This article has been reviewed according to Science X's editorial process and policies. Editors have highlighted the following attributes while ensuring the content's credibility:


reputable news agency


Outdoor workers face skin cancer danger

Outdoor workers face skin cancer danger

Steve Murray, 68, has spent a lot of time out in the sun, at work and at play.

Murray worked construction for several decades, and as a child spent summers on the beach in Ocean City, N.J., and enjoyed winter visits to sunny Florida.

He's also repeatedly battled skin cancer and melanoma, the deadliest form of skin cancer, for decades, starting in the 1990s.

"Back when I was a kid, nobody worried about putting on sunscreen or wearing a hat," Murray, who lives in the Washington, D.C., area, said in a news release. "You just cooked in the sun." The damage is done at an early age, he said, and the price is paid later on.

"I didn't realize the damage I was doing until the late 90s when my dermatologist started seeing things on my skin," Murray added.

Folks like Murray who work outdoors are far more likely to get sunburned and tanned, putting themselves at increased risk for skin cancer, according to a new American Academy of Dermatology survey.

About half of got a sunburn in 2023, compared to 36% reported by Americans overall, the survey found. These include people working in construction, landscaping, emergency and postal delivery, the AAD says.

Further, 1 in 10 outdoor workers received a sunburn severe enough to cause blisters, a rate double that of the general population. And nearly 80% of outdoor workers get a tan or darker skin as a result of sun exposure, compared to 67% of all Americans.

"Since most outdoor workers are exposed to the sun during peak hours of the day, it's vital they adopt sun protection measures as part of their daily routine to safeguard against skin cancer," Dr. Bruce Brod, a clinical professor of dermatology at the University of Pennsylvania in Philadelphia, said in a news release.

Murray was first diagnosed with , the most common type of skin cancer, in the late 1990s. At that time doctors also detected squamous cell carcinoma, a skin cancer that tends to develop in people who've had a lot of sun exposure.

Murray had a bout with melanoma in 2008, and since then, he's been diagnosed with skin cancer several more times. This year alone, he's had two surgeries to remove from his hand and back.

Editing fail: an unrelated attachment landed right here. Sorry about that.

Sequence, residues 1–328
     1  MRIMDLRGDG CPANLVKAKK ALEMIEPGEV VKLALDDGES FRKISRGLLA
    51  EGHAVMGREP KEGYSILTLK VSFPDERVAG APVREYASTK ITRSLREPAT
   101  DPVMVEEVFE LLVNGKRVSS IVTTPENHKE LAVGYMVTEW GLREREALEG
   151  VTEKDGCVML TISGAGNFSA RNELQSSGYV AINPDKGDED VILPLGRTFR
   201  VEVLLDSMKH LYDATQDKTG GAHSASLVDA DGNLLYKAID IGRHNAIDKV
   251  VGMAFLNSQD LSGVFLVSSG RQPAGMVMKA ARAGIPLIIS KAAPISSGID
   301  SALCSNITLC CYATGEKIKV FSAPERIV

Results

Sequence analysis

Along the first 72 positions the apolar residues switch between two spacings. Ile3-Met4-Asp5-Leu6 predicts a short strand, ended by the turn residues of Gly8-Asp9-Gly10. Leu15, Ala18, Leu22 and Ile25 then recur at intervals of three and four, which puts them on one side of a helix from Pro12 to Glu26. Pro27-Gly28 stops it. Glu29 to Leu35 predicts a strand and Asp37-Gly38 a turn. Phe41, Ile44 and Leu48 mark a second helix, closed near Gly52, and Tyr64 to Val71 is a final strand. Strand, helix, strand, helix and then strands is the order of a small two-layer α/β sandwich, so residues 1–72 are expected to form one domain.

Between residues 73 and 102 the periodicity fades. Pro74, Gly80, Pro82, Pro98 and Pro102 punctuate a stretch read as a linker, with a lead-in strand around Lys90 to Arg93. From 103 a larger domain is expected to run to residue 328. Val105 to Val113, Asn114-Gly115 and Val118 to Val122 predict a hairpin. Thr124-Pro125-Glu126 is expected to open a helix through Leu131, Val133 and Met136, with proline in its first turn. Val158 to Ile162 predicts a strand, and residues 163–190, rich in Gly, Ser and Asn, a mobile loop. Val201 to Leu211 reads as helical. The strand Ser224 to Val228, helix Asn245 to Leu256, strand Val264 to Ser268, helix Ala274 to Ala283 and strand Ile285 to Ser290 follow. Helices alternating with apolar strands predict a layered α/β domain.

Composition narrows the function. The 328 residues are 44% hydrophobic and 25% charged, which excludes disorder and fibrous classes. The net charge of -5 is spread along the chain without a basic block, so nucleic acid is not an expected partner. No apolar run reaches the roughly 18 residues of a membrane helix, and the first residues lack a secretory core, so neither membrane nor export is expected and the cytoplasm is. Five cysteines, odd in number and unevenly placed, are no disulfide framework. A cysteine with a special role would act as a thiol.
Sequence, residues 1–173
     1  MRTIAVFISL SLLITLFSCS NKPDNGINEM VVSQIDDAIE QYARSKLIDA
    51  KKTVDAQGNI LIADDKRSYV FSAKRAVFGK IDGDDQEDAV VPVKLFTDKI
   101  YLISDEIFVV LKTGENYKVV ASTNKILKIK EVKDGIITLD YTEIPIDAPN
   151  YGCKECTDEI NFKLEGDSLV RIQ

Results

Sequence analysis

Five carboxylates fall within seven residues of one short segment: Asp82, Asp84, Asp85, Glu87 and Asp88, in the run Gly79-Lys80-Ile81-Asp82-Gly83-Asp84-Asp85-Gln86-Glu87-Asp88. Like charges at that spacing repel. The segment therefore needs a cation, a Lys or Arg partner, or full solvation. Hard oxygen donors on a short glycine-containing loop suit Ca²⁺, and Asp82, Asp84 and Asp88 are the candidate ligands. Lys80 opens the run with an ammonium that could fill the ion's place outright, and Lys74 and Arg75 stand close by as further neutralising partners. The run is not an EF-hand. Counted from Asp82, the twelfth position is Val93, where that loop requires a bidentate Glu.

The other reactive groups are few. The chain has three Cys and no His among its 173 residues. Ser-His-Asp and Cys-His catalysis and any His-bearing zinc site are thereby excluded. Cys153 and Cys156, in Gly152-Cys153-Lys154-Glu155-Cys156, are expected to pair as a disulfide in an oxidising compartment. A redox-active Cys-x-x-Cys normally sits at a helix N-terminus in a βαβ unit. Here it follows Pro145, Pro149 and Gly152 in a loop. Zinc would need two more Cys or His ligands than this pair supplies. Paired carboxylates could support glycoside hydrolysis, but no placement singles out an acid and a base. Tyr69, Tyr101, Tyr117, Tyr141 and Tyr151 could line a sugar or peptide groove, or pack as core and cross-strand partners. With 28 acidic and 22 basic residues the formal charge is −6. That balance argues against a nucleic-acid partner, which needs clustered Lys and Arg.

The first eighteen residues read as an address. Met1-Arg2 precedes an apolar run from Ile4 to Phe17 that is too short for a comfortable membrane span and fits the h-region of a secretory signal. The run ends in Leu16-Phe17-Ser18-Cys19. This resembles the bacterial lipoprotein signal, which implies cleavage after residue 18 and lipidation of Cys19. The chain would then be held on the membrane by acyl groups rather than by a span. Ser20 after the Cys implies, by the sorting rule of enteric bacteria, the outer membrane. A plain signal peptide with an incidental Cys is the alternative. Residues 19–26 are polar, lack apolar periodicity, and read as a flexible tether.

"I'm in the construction business, and even though I mostly work in the office, I still have to visit the sites and be in the sun," Murray said.

"When you work in the office environment, you don't think about having to go out for an hour, and the fact that in that one hour you cook, and you don't realize it until you get home that night," he continued. "That's when you say to yourself, 'I should have put sunscreen on or I should have worn a hat,' but by that point it's too late."

Murray now visits a dermatologist every three to six months, to keep tabs on his skin health. He also always wears a hat and sunscreen, as well as long sleeves whenever possible.

People who work outside are more likely to protect themselves by wearing a hat—59% compared to 47% of all Americans. Unfortunately, they are also more likely to believe tanning myths.

About 31% of outdoor workers believe the myth that a base tan will prevent sunburns, compared to 23% of Americans overall. And 31% of outdoor workers believe tanning is safe if you don't burn, compared to 20% of Americans.

Brod and the AAD offer sun protection tips that they urge everyone, and especially outdoor workers, to adopt:

  • Seek shade, especially when the sun's rays are strongest, between 10 a.m. and 2 p.m.
  • Wear sun-protective clothing, including a wide-brimmed hat, a lightweight long-sleeved shirt, pants and sunglasses with UV protection.
  • Apply sunscreen SPF30 or higher to all skin not covered by clothing, and reapply every two hours or after swimming or sweating.

People also should consider getting routine skin cancer checks, particularly if they have certain risk factors, Brod said.

"If you have a lot of moles or growths on your skin that you're not sure about, a family history of skin cancer, you've spent a lot of time in the sun, or you've had even one severe sunburn, you owe it to yourself to get your skin checked by a board-certified dermatologist," hesaid.

More information: The Skin Cancer Foundation has more about sun protection.

2024 HealthDay. All rights reserved.

Citation: Outdoor workers face skin cancer danger (2024, May 10) retrieved 21 July 2024 from
This document is subject to copyright. Apart from any fair dealing for the purpose of private study or research, no part may be reproduced without the written permission. The content is provided for information purposes only.

Explore further

How to stay sun-safe this summer


Feedback to editors